50. Even if the Court were to follow the approach of Celestine, the facts of this case would lead to a quite different result. In Celestine, plaintiffs sought to certify a class of 1,000 African-American employees and applicants in a variety of facilities in which the opportunities for advancement were determined by the particular circumstances surrounding his or her employment. 165 F.R.D. at 470. The class to be certified included applicants as well as employees at two separate plant facilities, belonging to six different unions, all with different requirements for admission and advancement. Id. at 467. Thus, the Celestine court found that the class action device was not manageable or efficient in handing the over 1,000 individualized jury trials that would be required there. Although this Court does not believe those concerns prevent class certification in employment discrimination cases, the manageability problems referenced by the court in Celestine are not present in the instant case. First, the plaintiffs in the case at hand all work in the same job classification -- GS-1811 series Special Agents. They are all subjected to the same promotional system, the same performance evaluation system, the same disciplinary system, as well as the same uniform and centralized hiring and employment procedures. Second, because of the mediated settlement, the posture of this case is much different than that of Celestine or any of the other cases referenced above requiring bifurcation, such as Butler. In all of the referenced cases, the court's decision was forward-looking -- the ultimate outcome of litigation and the procedures that would be necessary to resolve the various individualized claims were yet unknown. In the case at hand, the relief that the class will receive has been negotiated between the parties. The Settlement Agreement creates procedures in which the individualized claims are managed and handled efficiently through claims procedures administered by class counsel. The manageability and efficiency of a class action settlement is quite different than that in a litigated case.

 51. The only interest that counsel for Special Agent Davenport articulated at oral argument supporting her right to opt-out was the desire to have this case litigated in Kentucky as opposed to Washington, D.C. Her right to a change of venue does not rise to the level of a constitutionally protected interest. The prejudice, if any, Special Agent Davenport would suffer by being bound to this settlement is far out-weighed by the substantial benefits to the class as a whole under the Settlement Agreement. Special Agent Davenport did not assert that class counsel had not protected or would not adequately protect her rights with respect to this Settlement Agreement, nor did she assert that there would be any greater relief available to her by litigating this case in Kentucky as opposed to participating in the class action settlement. To the contrary, Special Agent Davenport will be entitled to seek backpay and up to $ 300,000 from the Compensatory Damages Fund, as well as utilize the equitable procedures set forth in the Settlement Agreement, with no diminution of her right to pursue her gender and/or FOIA claims, assuming that she has preserved such claims.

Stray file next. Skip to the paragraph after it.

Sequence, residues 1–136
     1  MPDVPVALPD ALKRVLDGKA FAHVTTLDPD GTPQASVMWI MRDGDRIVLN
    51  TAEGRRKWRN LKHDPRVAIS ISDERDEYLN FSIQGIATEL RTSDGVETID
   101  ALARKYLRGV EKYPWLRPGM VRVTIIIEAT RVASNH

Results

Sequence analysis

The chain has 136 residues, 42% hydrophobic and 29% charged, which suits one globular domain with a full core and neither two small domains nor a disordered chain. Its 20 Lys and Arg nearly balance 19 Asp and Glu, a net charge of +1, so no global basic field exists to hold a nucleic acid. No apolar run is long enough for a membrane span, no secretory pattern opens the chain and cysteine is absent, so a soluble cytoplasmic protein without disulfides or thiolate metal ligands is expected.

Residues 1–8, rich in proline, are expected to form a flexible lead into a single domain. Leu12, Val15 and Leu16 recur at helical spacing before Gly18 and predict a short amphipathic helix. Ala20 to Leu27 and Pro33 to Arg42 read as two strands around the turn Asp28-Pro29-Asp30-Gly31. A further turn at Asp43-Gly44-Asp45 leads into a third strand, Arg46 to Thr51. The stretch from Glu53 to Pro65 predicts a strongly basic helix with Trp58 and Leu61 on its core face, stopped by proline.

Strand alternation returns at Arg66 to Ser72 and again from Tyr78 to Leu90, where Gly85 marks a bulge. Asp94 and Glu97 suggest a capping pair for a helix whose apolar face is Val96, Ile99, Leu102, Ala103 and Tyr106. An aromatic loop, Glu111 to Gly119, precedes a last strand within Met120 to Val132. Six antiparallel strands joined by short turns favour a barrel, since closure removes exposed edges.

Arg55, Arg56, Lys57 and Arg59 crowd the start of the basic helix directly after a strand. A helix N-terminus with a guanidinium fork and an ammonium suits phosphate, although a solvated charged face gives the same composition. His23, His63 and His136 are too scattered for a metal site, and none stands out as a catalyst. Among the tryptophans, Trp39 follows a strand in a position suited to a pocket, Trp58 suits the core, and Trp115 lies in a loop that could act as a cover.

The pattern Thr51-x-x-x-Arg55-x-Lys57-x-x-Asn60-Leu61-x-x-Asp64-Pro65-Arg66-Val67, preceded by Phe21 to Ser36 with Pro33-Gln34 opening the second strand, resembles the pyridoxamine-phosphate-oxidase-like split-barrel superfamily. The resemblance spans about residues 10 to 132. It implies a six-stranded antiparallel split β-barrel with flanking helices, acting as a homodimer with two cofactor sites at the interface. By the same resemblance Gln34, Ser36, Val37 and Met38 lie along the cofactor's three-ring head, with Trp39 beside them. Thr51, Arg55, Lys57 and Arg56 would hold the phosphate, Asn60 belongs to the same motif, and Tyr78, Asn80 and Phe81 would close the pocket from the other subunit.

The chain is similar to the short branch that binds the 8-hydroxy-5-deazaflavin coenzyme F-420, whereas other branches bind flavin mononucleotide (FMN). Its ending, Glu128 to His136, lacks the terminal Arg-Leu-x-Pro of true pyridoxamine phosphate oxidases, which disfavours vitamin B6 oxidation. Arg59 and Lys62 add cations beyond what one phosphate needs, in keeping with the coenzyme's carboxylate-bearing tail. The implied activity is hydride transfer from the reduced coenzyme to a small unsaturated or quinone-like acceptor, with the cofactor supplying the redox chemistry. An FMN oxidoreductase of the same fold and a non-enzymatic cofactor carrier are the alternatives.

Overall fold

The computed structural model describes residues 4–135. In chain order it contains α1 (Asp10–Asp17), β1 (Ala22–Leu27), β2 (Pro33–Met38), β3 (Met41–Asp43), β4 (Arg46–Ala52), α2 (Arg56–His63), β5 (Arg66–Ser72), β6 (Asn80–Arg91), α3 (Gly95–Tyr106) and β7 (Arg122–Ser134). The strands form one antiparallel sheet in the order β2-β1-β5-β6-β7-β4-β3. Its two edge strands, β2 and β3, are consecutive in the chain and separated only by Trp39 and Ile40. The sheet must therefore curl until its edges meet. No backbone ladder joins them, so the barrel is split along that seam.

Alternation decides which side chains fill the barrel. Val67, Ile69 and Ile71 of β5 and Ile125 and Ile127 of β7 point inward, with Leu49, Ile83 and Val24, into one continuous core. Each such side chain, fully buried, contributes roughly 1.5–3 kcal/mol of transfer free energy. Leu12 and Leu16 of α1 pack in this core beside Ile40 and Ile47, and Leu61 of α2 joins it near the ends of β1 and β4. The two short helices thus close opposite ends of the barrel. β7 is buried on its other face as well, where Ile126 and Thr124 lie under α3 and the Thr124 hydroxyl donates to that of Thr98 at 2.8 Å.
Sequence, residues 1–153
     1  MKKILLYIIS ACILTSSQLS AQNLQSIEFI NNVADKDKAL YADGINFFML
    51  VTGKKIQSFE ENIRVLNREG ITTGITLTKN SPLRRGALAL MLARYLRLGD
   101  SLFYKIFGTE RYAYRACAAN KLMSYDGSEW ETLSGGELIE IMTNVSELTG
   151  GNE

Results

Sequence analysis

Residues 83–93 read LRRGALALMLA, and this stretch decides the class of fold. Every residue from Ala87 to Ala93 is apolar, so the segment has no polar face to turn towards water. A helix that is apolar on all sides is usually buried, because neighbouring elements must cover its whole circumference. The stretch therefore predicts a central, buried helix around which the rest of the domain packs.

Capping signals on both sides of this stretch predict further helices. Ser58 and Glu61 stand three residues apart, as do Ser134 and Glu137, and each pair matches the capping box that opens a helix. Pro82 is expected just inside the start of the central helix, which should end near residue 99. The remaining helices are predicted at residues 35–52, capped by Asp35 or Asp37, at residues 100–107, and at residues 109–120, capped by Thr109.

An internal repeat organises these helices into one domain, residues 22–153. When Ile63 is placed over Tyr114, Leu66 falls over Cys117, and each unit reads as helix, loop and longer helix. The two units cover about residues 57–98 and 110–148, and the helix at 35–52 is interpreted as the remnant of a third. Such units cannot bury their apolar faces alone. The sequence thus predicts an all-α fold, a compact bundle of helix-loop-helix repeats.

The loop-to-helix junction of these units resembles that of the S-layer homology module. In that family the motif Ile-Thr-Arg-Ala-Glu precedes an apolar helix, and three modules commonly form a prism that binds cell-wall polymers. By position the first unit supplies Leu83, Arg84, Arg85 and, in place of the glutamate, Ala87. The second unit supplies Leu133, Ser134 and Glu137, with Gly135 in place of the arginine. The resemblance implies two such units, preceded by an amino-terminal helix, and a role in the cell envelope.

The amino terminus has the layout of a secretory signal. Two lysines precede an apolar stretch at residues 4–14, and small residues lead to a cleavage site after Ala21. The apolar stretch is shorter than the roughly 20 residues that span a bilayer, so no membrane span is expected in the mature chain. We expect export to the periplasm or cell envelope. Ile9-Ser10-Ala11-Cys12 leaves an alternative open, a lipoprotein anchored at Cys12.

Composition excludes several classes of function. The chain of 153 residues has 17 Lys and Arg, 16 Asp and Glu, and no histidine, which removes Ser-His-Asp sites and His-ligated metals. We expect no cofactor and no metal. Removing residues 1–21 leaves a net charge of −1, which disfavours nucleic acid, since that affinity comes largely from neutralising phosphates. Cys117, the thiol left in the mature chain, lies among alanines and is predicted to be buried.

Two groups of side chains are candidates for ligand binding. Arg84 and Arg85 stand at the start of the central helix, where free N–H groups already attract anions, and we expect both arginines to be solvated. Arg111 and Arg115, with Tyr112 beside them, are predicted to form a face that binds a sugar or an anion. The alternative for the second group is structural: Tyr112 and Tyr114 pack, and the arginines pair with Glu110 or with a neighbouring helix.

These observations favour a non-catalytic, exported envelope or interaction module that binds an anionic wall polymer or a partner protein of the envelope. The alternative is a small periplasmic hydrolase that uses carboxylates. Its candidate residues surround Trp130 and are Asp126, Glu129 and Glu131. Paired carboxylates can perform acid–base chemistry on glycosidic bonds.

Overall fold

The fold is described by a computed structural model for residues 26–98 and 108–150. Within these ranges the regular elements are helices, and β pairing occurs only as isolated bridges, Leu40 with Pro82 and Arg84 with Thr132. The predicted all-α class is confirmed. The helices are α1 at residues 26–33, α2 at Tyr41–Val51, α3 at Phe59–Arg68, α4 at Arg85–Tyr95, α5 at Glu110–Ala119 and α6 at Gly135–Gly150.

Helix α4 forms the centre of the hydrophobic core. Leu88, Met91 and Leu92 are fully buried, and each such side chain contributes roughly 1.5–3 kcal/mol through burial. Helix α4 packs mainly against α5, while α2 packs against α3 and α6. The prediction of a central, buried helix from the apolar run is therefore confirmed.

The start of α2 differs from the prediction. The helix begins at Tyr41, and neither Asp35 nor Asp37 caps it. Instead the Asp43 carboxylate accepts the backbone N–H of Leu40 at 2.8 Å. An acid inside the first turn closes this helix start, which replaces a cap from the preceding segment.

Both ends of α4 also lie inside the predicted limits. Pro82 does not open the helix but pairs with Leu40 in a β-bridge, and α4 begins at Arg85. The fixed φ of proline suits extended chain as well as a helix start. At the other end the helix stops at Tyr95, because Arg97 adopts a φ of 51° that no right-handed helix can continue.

52. Special Agent Davenport does not challenge the fairness or adequacy of class counsel in the administration of the agreement. Even if she had, however, the Settlement Agreement provides that all tentative decisions of class counsel on the backpay compensatory damages are appealable to a neutral official chosen by the class. It is unnecessary to decide the constitutional question theoretically posed by Special Agent Davenport because the procedures set forth under the Settlement Agreement give her full relief and due process with respect to her claims of racial discrimination.

 53. Indeed, in cases where sufficient alternative procedural safeguards are employed, opt-out rights are not required to satisfy notions of fundamental fairness or due process. See, e.g., Williams v. Burlington Northern, Inc., 832 F.2d 100, 104 (7th Cir. 1987) (even though plaintiff did not have right to opt out, court "provided [plaintiff] with the equivalent due process protection that would be accorded to a Rule (23)(b)(3) class member"), cert. denied, 485 U.S. 991, 99 L. Ed. 2d 508, 108 S. Ct. 1298 (1988); National Football League, 822 F. Supp. at 1411-12.

 54. Even though Special Agent Davenport may not opt out, the requirements of due process and fundamental fairness have been satisfied because the objector has been: (1) adequately represented by the named Plaintiffs; (2) adequately represented by capable and experienced class counsel; (3) provided with adequate notice of the proposed settlement; (4) given an opportunity to object to the settlement; and (5) assured that the settlement will not be approved unless the Court, after analyzing the facts and law of the case and considering all objections to the proposed settlement, determines it to be fair, reasonable and adequate. Indeed, Special Agent Davenport does not dispute any of these elements.

 (ii) Equitable Relief Predominates